- David Aaker: consider the “emotional and self-expressive benefits as well as functional benefits”(239) – building brand equity =attachment around the brand (experiences, emotions, attitudes, lifestyles, loyalty…)
- “Brands are monetizable symbolic values” (Groz)
- Who produces these immaterial assets?
Brand managers? Or consumers?
Consumption as Immaterial Labor
- Consumption = “labor” = an activity that produces value
Different paradigm of consumption
traditionally, consumption = activity occurs in the domain of circulation
≠ produce value (240)
- value of female reproductive household work
Lash & Urry : contemporary production process must include circulation
“inclusion of circulation” – blurring of the boundaries between circulation & production – information economy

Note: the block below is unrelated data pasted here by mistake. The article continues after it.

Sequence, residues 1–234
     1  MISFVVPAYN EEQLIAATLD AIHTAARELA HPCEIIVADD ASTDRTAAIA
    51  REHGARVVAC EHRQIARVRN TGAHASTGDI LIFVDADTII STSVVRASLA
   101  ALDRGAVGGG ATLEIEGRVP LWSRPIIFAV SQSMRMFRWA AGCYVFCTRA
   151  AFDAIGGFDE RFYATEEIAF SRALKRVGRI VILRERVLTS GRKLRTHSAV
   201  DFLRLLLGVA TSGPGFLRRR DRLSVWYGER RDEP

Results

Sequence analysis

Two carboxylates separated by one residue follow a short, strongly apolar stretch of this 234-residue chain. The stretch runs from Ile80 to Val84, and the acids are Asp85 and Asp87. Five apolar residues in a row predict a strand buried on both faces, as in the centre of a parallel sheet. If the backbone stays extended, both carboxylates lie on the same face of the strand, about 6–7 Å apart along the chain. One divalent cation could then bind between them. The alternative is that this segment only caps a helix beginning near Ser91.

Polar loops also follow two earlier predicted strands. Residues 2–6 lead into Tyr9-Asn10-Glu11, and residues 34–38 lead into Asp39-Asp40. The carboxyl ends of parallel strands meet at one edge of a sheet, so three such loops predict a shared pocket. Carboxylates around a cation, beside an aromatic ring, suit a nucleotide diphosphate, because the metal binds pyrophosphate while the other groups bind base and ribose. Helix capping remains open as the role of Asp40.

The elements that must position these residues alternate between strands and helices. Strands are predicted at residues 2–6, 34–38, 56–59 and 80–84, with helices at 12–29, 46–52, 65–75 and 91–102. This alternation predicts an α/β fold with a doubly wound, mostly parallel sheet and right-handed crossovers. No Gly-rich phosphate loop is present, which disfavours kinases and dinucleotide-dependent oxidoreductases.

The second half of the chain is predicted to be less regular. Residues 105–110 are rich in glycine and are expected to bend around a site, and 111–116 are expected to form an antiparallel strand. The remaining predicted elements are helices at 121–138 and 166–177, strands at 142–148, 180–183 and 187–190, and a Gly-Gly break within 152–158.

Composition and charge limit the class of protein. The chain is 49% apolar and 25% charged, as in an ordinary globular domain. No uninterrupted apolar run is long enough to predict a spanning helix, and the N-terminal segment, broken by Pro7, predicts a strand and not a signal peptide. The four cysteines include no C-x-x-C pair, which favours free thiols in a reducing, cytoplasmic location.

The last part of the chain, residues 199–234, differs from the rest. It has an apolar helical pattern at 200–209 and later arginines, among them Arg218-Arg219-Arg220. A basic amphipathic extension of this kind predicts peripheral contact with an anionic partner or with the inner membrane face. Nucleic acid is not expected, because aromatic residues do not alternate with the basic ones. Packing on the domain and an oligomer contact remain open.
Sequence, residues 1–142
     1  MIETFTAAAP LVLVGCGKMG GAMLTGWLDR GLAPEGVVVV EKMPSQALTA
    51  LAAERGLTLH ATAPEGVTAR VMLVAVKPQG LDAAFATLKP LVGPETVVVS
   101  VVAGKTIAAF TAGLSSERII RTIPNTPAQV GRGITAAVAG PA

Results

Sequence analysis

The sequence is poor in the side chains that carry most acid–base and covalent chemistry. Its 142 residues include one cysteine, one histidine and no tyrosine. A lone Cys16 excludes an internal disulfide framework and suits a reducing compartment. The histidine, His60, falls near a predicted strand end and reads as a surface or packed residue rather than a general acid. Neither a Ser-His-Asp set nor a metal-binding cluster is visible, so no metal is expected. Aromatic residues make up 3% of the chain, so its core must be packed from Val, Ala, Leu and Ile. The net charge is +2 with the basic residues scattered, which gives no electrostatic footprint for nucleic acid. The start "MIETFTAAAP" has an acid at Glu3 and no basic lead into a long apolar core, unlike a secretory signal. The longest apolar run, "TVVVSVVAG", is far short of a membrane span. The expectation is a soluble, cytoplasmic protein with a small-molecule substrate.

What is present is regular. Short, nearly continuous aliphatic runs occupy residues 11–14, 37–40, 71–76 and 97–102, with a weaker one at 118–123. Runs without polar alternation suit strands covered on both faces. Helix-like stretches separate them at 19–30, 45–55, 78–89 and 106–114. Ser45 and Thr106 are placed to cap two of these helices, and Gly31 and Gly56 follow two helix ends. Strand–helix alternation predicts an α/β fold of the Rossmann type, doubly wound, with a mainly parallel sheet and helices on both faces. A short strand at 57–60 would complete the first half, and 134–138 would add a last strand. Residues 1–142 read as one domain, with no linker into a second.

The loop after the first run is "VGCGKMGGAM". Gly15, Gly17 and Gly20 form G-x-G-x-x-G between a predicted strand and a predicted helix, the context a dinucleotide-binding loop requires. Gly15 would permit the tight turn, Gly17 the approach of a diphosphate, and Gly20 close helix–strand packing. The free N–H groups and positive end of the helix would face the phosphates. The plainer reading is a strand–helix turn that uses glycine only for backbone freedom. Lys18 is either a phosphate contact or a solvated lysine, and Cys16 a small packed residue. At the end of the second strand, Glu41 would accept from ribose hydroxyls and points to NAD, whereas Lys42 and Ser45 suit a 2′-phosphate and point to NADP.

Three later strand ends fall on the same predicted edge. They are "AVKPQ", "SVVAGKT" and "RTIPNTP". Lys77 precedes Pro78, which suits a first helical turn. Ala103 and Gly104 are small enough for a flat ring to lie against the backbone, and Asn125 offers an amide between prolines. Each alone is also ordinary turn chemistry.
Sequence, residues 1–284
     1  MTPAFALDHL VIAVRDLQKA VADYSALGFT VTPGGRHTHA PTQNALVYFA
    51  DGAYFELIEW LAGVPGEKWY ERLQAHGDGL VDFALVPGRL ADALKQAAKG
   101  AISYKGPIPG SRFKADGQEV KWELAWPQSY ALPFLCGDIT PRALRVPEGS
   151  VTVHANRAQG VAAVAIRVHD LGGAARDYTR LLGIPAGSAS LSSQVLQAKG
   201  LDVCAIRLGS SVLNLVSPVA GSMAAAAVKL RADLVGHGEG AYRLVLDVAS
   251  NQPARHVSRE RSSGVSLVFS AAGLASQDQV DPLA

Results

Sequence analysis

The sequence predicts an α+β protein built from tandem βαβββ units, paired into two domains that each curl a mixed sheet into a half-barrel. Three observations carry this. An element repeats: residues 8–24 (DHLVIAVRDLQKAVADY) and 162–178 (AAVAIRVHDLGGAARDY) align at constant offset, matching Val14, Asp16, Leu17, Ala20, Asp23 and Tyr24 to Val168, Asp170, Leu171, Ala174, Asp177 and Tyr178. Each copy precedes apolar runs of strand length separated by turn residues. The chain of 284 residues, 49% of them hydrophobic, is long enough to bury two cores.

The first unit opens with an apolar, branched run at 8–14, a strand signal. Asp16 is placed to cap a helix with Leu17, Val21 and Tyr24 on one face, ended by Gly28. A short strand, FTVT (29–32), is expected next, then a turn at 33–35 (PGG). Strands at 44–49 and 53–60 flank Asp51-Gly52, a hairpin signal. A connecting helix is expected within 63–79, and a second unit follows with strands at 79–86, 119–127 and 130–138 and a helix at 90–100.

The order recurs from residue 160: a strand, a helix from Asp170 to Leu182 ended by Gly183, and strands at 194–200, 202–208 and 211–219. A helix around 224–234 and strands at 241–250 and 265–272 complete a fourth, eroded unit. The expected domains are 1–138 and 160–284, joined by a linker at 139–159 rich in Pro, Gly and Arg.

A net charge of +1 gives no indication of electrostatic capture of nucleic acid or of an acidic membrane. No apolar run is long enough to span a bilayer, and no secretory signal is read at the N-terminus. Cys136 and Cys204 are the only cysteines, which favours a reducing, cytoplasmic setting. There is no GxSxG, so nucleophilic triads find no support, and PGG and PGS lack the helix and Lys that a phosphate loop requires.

- Circulation of information = production of information
Autonomist Marxism (integration of production + circulation)
- Negri + Alquati : integration of communication and production is a central characteristic of the post-Fordist labor process
- “socializing worker“: ability to put communicative action to work in producing a meaningful framework for the production process (communication -> production process) ( Cf. Cyber-Marx, p. 79-80, “socialized worker”).
Maurizio Lazzarato: “immaterial labor” – practices that produce either the immaterial content of commodities, or the social context of production itself (241).
- utilizes a common ability to interact and socialize; common symbolic framework; common knowledge; common jargon…
- these common competences are based in symbolic repertoire diffused by a virtually omnipresent media culture. à “General Intellect” (ubiquitous symbolic resource)à immaterial labor produces “ethical surplus” (a social relation, a shared meaning, or a sense of belonging).
- the ‘cycle of immaterial production’ presupposes the existence of a ‘socialized and autonomous labor force.’